Embracing change management: Informing your workforce to inspire shared vision – Part 2

Willis Towers Watson Associate Gaby Joyner

Part 2 in a five-part blog series

Amid company change, employees are often unclear about what their jobs will become. Many fear the worst: uncertainty, loss of control, job redundancy or unwanted moves. But consistent messaging and clear leadership can quell fears and even lead to optimism.

It’s understandable that most people’s first instinct is to resist change. We tend to fear losses more than we value gains, with some studies suggesting that psychologically, losses are twice as powerful. Instead of welcoming potential benefits, our tendency is to fear the unknown and perceive the unpredictable as a threat to security. Resistance to change can be compounded when employees perceive it as being forced upon them. A primary cause of this perception is lack of proper communication.

Winning employee support — and cooperation — in difficult and ambiguous change situations is a daunting task. Almost every change leader underestimates the frequency, variety and amount of communication required to bring about successful change. Leaders shouldn’t assume their employees will accept change simply because they’re told to, and should communicate as frequently as possible.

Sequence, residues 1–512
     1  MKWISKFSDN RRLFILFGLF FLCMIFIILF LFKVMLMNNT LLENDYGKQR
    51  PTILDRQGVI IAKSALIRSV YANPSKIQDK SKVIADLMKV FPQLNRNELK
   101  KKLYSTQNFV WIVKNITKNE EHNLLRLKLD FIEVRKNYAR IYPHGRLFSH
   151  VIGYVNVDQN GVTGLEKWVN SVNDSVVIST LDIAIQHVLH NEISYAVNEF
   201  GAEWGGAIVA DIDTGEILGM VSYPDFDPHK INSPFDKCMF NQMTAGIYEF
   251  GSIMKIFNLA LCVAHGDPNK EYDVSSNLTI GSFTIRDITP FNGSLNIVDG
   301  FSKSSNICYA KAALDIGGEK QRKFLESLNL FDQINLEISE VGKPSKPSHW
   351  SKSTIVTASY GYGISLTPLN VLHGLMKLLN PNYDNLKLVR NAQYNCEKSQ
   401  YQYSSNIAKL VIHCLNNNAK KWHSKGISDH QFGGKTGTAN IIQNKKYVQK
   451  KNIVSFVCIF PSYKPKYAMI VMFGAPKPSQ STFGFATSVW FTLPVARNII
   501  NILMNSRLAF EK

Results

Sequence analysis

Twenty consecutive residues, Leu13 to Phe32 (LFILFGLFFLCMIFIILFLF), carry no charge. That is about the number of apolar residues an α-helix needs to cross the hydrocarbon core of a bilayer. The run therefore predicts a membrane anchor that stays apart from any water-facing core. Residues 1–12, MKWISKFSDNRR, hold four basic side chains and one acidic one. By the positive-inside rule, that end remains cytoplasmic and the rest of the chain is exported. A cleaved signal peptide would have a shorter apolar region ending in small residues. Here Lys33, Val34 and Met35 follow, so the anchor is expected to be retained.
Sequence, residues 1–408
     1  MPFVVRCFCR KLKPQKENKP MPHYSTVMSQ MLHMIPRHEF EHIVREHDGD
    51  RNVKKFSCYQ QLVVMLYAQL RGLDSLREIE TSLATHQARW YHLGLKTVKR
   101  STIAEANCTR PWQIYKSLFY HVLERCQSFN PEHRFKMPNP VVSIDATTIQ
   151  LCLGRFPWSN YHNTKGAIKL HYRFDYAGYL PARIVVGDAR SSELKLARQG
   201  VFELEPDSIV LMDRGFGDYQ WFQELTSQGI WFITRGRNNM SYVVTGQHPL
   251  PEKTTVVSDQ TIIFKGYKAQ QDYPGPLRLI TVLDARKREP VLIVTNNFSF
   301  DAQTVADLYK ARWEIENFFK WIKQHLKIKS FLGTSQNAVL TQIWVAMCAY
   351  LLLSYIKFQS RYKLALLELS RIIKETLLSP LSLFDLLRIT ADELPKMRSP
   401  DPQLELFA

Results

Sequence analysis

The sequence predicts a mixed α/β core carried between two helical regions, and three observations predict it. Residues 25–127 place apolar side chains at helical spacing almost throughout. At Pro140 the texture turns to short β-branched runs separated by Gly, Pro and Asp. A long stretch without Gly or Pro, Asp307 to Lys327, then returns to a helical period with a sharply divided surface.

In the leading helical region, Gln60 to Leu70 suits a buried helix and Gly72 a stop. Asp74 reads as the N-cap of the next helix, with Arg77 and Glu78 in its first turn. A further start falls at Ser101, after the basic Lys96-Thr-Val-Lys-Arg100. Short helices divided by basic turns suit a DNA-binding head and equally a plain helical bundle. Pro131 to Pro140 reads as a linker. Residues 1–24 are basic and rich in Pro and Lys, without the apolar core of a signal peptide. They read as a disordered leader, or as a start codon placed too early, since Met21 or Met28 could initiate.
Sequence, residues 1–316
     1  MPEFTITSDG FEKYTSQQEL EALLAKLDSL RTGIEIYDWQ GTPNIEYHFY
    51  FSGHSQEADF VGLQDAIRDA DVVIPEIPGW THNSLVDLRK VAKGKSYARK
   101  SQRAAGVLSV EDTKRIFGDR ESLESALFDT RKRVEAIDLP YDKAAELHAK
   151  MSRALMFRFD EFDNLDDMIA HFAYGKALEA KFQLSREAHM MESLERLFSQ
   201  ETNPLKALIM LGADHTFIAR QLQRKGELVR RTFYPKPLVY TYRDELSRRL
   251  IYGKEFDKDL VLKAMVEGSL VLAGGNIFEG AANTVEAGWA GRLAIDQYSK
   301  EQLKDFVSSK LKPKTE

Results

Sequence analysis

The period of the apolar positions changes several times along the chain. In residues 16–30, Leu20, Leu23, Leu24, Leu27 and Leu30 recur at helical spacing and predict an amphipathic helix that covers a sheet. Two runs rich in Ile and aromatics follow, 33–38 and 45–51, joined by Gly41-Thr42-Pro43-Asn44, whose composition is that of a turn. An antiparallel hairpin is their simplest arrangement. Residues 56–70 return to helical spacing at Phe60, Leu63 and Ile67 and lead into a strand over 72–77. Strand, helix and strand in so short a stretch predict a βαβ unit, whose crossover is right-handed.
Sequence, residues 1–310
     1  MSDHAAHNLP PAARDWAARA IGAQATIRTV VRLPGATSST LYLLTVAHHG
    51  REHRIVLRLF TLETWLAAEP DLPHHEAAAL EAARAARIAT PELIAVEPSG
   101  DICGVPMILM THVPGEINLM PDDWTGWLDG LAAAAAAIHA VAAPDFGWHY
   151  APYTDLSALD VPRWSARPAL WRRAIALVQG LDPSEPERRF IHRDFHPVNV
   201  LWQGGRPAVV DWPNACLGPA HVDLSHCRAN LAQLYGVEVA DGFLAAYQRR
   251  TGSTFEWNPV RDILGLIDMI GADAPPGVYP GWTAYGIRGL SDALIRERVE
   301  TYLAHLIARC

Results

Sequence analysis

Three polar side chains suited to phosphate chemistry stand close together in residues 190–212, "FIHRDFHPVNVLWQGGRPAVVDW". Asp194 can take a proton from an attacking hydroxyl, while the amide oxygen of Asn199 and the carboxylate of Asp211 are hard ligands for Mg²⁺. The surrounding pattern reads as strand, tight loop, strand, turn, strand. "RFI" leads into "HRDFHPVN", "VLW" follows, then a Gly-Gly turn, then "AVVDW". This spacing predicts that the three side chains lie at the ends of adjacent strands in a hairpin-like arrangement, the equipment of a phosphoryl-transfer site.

While you can’t eliminate discomfort during times of change, the right change management strategy can help ensure that implementation is smooth and goals are achieved.

Adequately informing your team means:

  • Knowing what success looks like in terms of the change and telling that story clearly, consistently and with integrity.
  • Communicating the specifics of a situation, while also being prepared to admit when you don’t have all the details.
  • Displaying self-awareness and transparency when you communicate (which requires an understanding of your own strengths and weaknesses so you can better respond to challenges).
  • Communicating beyond the core corporate messages with language that’s distinctly your own.
  • Repeating, listening and updating messages regularly.

Employees need to clearly understand what, when and, most importantly, why changes are being made. A good change communication strategy doesn’t stop there. To be effective, you need to anticipate resistance and listen to the reasoning behind it. Treat resistance as intelligence that informs your change strategy, rather than an obstacle to be overcome.

Through good communication, a change leader can engage people in the transition and help them through the journey. And when someone feels involved, they’re more inclined to buy into change.

Next week: Embracing change, part three: Engaging employees for sustainable change


Phil Merrell is the ‎Director of Change Consulting, EMEA and Global Change Management Lead at ‎Willis Towers Watson.

Gaby Joyner is the Director of Willis Towers Watson’s Change Consulting practice in Great Britain.

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